Making our kids Career Ready
Posted on 20th December 2017
“Too often, young people fail to complete their studies because they fail to see the relevance of the education they are receiving. The Career Ready programme is about the real world.”
Sir Winfried Bischoff, Founding Chairman, Career Ready
I have recently become a non-exec with Career Ready, a charity that seeks to encourage employers to work more closely with schools and colleges, helping create closer ties between local education and local business. The thinking behind Career Ready is that young people from a disadvantaged background should not simply think of leaving school for a “job”, but rather that ought to be able to develop structured careers with progression and promotion coming as a result of each individual’s drive, determination, enthusiasm and ambition. By helping each student to recognise their qualities, unlock their potential and raise their aspirations, Career Ready helps those who don’t already know what they want to do after school or college: in particular those who don’t have a wealth of professional career experience in their family and don’t know what they want to – or can - achieve.
To become a Career Ready student they must:
- Be studying a full time, two year, level three programme, such as A Levels, BTEC, International Baccalaureate or, in Scotland, at least one Higher
- Plan to stay in college or school full time until completing their studies or until S6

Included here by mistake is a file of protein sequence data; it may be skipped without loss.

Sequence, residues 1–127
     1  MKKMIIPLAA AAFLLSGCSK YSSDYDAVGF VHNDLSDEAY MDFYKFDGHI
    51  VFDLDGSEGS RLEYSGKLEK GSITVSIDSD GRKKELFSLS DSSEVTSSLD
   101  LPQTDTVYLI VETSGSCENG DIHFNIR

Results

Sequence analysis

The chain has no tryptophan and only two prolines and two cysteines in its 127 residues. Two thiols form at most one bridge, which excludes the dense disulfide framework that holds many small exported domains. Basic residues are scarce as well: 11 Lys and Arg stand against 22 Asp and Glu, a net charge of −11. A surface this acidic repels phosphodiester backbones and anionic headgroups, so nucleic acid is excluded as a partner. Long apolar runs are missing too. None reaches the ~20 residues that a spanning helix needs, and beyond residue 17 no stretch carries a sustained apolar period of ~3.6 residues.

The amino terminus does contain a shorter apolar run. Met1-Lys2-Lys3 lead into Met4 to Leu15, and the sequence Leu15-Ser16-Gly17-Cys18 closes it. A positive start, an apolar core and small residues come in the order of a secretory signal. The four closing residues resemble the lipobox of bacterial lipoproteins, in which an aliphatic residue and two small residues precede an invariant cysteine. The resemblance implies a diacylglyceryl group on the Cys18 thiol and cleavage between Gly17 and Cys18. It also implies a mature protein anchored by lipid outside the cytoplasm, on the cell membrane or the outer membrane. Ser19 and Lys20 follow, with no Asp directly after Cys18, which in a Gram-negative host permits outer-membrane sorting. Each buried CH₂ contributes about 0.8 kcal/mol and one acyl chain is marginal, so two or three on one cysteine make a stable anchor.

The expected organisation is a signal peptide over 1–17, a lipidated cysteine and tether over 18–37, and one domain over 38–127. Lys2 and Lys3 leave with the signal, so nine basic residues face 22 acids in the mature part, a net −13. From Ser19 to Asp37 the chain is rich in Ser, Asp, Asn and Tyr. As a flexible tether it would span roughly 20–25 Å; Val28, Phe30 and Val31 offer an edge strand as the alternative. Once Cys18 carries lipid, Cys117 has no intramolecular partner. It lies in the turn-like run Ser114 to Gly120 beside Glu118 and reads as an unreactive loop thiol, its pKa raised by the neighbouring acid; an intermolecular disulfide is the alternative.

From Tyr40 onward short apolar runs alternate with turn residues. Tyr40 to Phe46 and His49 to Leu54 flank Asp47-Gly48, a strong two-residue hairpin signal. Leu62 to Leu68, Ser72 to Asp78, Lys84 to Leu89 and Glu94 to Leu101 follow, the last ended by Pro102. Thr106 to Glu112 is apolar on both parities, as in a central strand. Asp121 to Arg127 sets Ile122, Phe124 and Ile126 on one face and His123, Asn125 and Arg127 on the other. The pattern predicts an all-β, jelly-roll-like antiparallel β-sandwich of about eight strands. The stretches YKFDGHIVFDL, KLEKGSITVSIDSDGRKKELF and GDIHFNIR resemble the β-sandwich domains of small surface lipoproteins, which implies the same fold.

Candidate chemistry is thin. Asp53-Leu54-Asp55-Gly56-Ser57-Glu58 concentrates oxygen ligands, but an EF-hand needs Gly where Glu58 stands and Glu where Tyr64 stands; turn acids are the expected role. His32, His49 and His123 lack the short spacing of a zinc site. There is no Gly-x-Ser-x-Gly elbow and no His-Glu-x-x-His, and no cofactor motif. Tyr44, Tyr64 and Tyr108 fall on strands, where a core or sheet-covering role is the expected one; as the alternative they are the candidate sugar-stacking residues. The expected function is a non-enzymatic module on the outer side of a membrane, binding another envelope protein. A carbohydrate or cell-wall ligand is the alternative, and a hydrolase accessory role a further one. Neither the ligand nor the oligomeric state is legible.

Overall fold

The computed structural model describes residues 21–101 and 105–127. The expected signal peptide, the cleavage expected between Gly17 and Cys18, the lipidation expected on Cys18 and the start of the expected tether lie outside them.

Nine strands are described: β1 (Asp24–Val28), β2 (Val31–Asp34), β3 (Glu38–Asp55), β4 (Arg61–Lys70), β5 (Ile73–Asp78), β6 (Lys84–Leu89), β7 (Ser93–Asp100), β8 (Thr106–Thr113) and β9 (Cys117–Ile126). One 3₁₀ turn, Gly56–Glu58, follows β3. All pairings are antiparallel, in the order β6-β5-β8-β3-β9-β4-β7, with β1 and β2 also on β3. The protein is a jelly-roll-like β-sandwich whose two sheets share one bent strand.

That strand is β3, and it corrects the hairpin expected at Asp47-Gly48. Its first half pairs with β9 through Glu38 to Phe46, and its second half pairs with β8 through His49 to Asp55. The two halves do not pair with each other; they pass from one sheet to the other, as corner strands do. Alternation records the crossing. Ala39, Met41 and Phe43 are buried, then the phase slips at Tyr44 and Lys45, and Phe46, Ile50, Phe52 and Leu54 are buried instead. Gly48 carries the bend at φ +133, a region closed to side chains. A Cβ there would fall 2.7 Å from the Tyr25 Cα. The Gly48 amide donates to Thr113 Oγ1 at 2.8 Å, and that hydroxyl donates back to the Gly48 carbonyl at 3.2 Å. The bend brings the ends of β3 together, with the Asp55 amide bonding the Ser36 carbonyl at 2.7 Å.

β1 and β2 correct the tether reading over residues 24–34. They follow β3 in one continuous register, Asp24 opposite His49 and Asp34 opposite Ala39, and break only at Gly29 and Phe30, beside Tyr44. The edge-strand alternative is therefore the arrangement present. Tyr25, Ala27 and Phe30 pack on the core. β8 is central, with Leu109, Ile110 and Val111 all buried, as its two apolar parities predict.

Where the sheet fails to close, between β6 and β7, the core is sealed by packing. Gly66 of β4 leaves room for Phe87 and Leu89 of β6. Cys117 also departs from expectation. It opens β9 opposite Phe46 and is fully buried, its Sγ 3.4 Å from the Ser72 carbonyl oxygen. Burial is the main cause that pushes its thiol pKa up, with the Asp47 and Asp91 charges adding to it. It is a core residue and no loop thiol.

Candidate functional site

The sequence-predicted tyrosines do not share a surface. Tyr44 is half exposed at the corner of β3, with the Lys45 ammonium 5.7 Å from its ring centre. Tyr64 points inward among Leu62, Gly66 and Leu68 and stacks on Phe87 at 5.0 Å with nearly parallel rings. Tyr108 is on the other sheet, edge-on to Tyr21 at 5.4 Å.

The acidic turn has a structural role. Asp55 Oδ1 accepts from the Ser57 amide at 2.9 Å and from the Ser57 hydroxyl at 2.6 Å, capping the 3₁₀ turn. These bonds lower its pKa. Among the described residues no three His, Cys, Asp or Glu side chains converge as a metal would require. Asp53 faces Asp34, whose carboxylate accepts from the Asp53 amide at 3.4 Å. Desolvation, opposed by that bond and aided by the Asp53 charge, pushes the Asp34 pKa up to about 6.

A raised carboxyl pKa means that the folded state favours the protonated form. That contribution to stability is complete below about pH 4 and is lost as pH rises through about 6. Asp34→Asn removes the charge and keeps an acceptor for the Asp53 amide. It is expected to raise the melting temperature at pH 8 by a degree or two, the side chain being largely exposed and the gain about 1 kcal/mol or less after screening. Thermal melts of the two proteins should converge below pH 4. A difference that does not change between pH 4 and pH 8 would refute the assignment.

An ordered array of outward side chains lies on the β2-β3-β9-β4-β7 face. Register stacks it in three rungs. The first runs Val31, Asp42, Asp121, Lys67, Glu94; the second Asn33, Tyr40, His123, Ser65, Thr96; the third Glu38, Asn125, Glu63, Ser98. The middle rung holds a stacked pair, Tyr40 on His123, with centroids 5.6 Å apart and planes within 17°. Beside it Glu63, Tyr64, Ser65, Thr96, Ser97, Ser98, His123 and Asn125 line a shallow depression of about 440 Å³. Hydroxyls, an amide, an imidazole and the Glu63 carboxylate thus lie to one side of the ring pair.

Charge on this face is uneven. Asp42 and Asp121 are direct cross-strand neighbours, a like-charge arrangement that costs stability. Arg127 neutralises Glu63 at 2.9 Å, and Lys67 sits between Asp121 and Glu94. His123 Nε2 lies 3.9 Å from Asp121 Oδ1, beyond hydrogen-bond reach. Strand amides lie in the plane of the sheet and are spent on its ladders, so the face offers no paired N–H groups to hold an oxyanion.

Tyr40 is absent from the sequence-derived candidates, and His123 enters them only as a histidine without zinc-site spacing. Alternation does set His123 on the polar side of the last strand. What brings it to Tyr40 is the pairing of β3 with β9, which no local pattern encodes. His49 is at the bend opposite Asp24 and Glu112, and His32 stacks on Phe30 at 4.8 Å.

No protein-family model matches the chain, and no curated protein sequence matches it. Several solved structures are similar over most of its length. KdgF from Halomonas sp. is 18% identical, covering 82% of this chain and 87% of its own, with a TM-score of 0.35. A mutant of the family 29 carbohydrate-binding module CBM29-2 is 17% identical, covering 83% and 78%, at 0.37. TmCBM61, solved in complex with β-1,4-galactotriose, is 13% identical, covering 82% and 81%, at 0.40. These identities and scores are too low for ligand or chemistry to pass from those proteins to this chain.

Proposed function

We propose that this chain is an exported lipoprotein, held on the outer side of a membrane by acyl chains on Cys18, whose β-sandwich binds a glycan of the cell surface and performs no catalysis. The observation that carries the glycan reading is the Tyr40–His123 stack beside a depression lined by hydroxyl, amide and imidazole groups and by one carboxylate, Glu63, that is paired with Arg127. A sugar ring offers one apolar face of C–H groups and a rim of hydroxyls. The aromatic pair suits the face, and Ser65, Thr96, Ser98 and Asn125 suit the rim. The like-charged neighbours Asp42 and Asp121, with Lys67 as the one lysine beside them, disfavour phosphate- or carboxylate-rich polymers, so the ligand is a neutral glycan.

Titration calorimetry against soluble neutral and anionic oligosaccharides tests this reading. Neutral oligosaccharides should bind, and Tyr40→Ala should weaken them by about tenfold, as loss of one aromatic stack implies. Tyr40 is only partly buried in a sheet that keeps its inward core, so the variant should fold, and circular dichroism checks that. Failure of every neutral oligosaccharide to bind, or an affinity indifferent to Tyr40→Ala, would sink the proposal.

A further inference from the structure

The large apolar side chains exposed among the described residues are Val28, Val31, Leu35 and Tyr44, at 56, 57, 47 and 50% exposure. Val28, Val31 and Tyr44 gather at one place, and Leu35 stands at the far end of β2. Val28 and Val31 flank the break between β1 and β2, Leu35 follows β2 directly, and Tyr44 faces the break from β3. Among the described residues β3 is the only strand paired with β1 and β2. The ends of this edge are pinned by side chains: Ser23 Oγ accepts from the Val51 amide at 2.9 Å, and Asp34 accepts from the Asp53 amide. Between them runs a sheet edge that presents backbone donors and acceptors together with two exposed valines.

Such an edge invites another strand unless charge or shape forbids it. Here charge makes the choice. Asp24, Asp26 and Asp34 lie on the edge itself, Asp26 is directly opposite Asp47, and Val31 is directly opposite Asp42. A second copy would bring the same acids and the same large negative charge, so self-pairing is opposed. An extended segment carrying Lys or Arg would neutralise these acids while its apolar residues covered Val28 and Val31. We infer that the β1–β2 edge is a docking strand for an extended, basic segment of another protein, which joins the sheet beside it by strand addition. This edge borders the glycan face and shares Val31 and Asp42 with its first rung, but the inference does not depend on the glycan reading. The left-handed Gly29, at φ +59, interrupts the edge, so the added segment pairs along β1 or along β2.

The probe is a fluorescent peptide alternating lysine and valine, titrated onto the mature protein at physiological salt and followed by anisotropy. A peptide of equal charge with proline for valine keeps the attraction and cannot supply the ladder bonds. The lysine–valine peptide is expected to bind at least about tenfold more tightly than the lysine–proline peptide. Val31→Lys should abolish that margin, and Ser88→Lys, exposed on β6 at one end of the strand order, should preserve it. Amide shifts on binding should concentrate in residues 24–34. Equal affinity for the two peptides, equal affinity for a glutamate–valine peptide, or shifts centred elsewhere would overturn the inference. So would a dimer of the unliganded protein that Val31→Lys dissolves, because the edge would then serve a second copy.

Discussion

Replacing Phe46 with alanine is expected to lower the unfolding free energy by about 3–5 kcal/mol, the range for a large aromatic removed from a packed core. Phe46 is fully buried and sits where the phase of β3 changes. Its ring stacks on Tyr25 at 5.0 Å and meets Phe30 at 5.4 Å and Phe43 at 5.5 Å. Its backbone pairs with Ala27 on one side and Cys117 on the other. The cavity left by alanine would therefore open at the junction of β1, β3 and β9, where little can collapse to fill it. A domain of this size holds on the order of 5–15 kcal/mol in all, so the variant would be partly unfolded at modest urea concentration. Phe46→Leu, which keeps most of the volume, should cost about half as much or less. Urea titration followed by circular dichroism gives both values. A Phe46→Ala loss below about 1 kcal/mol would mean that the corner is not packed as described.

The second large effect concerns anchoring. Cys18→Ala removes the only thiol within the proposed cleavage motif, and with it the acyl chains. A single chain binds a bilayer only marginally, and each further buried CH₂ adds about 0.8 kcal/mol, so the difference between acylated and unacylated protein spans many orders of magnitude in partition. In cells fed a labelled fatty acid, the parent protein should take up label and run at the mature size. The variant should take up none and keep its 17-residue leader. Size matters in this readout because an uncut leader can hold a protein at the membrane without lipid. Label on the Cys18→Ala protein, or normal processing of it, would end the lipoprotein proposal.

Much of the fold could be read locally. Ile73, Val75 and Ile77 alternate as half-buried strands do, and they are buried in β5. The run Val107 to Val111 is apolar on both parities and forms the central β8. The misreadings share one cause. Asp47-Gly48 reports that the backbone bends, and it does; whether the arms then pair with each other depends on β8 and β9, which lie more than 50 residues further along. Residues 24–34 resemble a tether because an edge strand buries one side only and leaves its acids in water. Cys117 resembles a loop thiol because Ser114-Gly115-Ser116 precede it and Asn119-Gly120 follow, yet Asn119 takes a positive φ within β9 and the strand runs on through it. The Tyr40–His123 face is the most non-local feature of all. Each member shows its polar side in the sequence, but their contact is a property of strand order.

- Have the right to work in the UK and be available for the minimum four-week internship, starting in the last week of summer term
- Have parental or carer agreement
Since we began our work in the UK, over 14,000 students at the 250 schools and colleges that run the Career Ready programme have benefited from the advice and assistance of over 4,000 volunteers from several hundred employers. Currently, there are 12,500 students enrolled on our programmes.
In Scotland, 97% of our students went on to a positive destination, of whom 25% went into work or work-based training, 54% are at university and 21% are in further education.
I know how tough it can be for those whose backgrounds are not conducive to, or supportive of, education. For those with academic ability and the potential to do well it’s doubly hard and, speaking personally, it’s important to me that we nurture and develop our next generation’s skills so they can make a productive contribution. There is a huge skills shortage but lots of untapped potential and, while I am well aware that there are countless requests to businesses and individuals to help charities, especially at this time of year, for most of our volunteers Career Ready requires little more than a commitment to take the time to help others. In turn, these youngsters are the seed corn that can help your business achieve its future potential. This is the proverbial “win-win” and if you would like to know more about Career Ready’s work please do get in touch. You can email me at: firstname.lastname@example.org
Nikola Kelly, MD, Be-IT
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